Last summer I spotted an elf at work in downtown Cambridge.
Wearing offseason attire — shorts and t-shirt — he hunkered amidst a gaggle of model train equipment inside the “old” firehouse, the door ajar to let in some air.
Waving me inside, it seemed like Christmas in July! The elf was volunteer firefighter Gary Hickman, devoting his Sunday, like many others and untold midnight hours, toward December’s 85th consecutive running of the Cambridge Holiday Train Garden.
Hickman helms the Rescue Fire Company’s Train Garden committee, 10 or so dedicated firefighters and honorary volunteers for whom the near year-round effort is a labor of love.
“We might take a break in January, but February we start planning next year,” explained committee member Michael S. Wheatley. “We all have a lot going on and can’t put in eight straight hours a day, so we come in weekends, Sunday after church, sometimes 2 or 3 in the morning.”
On a recent November Sunday, Wheatley and firefighter Andrew Bradshaw and several others were there setting up. They spoke of the train garden’s long tradition and what it means to Cambridge.
Bradshaw, who, along with Hickman serves as “chief engineer” of train operations (his dad, Larry, is the display’s electrical guru), also brings a college degree in history into the mix, offering insight into the unique story behind fire station train gardens.
“It’s a uniquely Maryland thing,” he said, originating with German immigrants to the Baltimore area in the 1920s and ’30s, who created creche or nativity scenes and “putz” villages, eventually featuring model trains.
“Cambridge was the only Eastern Shore fire department to be doing this back then,” he added, with the added distinction of being perhaps the oldest consecutively run train display in the country. There are larger, more ornate permanent displays built in the ’50s and ’60s in Pennsylvania, including Roadside America. And Station 45 in North Baltimore is on their 64th consecutive year and the only one left in the city. But Cambridge is the longest running, Bradshaw added.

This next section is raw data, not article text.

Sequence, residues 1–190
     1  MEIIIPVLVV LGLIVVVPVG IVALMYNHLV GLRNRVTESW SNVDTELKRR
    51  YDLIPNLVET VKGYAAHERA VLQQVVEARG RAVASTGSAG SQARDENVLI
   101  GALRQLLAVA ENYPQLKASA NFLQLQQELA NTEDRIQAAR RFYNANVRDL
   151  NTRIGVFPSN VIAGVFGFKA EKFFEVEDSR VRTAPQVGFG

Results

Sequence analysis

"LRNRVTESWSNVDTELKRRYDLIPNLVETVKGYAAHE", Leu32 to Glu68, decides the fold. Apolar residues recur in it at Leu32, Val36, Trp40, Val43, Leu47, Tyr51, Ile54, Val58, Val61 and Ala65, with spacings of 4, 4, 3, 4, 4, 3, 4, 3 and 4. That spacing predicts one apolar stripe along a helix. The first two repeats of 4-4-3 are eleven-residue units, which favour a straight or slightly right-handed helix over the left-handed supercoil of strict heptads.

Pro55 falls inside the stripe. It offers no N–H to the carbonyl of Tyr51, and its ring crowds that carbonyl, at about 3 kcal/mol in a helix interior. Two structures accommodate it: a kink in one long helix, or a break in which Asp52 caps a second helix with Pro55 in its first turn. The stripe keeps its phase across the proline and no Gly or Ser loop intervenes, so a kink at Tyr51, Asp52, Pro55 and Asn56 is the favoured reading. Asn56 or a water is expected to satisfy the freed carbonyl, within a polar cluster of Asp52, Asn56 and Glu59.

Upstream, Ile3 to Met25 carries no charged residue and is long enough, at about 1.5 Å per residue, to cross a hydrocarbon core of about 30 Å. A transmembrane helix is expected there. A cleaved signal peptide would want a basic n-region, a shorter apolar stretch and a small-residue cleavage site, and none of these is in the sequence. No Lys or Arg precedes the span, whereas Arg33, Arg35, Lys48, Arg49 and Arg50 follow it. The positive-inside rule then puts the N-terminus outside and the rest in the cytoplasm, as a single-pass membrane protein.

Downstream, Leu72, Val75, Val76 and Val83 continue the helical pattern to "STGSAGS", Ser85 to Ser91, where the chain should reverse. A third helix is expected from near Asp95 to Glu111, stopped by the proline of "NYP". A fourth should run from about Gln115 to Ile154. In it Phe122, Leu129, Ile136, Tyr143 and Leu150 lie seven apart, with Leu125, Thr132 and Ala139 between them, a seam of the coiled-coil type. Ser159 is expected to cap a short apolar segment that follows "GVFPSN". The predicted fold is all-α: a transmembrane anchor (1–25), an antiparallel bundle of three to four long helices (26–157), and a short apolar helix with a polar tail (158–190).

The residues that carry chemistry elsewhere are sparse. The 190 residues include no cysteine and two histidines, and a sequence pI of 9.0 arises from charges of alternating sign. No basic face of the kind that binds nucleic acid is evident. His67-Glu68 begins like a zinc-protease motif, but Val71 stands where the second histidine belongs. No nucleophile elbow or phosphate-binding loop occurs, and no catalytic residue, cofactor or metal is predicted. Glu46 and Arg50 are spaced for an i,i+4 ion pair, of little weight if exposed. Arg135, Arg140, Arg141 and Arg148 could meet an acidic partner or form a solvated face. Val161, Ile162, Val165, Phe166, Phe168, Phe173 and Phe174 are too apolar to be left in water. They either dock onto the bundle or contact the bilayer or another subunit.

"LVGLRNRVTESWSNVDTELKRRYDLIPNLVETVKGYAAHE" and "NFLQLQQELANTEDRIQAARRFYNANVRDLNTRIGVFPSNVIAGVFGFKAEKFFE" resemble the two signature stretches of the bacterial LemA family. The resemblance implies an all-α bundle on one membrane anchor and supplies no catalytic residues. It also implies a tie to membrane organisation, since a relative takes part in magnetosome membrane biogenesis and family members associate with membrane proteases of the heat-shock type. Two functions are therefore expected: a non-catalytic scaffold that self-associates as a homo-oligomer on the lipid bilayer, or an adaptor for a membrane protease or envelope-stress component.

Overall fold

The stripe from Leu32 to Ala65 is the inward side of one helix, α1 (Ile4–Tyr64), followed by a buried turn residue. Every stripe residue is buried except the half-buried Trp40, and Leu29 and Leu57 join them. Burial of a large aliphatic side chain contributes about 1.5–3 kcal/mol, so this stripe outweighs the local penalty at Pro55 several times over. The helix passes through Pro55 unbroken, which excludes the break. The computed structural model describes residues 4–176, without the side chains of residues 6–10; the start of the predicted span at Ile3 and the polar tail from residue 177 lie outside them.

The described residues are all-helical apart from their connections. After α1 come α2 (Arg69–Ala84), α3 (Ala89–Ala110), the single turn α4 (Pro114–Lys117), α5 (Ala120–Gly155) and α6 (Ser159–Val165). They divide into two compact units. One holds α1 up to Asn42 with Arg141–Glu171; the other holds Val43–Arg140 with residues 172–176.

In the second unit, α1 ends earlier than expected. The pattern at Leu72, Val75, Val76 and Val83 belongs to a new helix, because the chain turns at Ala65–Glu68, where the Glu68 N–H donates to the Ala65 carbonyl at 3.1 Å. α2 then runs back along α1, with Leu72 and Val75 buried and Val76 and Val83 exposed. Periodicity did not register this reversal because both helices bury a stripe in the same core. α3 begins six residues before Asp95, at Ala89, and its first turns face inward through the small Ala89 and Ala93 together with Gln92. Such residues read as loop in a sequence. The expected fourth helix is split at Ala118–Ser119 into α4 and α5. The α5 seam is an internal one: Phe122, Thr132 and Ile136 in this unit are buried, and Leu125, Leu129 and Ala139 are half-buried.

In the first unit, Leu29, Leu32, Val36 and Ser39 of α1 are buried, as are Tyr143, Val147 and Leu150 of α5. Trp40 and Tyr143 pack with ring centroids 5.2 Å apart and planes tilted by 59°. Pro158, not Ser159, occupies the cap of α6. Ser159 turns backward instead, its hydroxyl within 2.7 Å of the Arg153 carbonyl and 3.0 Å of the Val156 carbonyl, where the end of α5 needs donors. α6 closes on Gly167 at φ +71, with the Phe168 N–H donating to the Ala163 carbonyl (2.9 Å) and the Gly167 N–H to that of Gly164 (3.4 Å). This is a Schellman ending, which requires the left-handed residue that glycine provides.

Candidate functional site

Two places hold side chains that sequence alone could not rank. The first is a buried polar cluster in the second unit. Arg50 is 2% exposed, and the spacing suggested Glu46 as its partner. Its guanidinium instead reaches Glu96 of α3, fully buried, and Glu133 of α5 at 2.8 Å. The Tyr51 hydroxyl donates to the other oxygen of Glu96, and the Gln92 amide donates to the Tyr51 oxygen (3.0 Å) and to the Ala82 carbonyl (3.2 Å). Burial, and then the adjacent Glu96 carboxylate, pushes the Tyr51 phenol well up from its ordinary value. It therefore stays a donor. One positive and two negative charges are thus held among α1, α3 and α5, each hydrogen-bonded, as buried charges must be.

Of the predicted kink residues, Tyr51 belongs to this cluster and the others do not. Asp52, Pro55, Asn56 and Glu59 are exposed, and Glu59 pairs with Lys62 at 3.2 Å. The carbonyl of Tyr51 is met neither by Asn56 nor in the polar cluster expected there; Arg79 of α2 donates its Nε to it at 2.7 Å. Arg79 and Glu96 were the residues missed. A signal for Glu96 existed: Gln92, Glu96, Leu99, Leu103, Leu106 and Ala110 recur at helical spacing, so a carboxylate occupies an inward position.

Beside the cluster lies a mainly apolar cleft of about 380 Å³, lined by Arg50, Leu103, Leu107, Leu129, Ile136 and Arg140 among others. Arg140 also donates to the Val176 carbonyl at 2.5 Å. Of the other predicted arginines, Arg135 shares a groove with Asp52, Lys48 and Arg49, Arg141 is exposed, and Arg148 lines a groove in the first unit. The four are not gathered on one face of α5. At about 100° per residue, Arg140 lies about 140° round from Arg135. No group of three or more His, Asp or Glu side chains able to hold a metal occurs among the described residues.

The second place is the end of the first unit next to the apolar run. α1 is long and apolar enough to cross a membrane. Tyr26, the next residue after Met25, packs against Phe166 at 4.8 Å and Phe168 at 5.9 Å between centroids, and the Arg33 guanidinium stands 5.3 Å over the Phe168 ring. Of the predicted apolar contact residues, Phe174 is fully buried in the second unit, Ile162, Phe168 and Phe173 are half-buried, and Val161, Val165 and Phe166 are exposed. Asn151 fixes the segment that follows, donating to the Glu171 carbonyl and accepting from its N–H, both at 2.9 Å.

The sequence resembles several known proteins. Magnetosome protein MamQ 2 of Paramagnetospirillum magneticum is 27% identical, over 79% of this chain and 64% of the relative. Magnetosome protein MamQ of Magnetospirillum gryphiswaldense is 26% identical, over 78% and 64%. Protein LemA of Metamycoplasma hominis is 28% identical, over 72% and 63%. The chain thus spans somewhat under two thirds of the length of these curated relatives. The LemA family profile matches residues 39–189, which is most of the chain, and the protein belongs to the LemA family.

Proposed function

Wheatley brings marketing and community outreach skills, but also delights in devoting each December night to welcoming visitors, selling popcorn, peanuts, coffee, hot chocolate, and souvenirs, plus ensuring a family friendly environment including Santa visits and a Santa “hot line” for youngsters to call. Seating is available throughout; especially popular is the specially created “fireplace” area.
Wheatley said he is especially proud to help the Cambridge Young Professionals sponsor a Toy and Food Drive via the Train Garden to help “lower income community members plus those struggling with sudden financial hardship due to accident or illness.”
“As a little kid, I remember the train garden was set up in the back; this (the current train board site setup) was where the actual fire trucks parked, and I remember we would walk between the firetrucks to get there. I was so excited to be able to see a firetruck!” Wheatley recalled.
Several years ago, the Rescue Fire Station moved to the town’s Public Safety Building on Washington Street, allowing the train garden to move indoors, and supply ample storage for vehicles, track and buildings. Bradshaw is proud of repairing and returning to use items like the iconic vintage McDonald’s building, featuring sounds and cars passing through the drive-thru, which he, too, remembers from childhood.